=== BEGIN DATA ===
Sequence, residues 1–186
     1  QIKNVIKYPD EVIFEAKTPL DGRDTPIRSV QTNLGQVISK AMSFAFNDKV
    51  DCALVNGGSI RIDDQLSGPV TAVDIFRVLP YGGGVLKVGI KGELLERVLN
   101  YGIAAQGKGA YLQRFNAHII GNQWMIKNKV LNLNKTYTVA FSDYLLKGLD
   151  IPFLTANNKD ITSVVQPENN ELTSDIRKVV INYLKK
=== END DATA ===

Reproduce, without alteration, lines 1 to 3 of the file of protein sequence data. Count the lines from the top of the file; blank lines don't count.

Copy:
Sequence, residues 1–186
     1  QIKNVIKYPD EVIFEAKTPL DGRDTPIRSV QTNLGQVISK AMSFAFNDKV
    51  DCALVNGGSI RIDDQLSGPV TAVDIFRVLP YGGGVLKVGI KGELLERVLN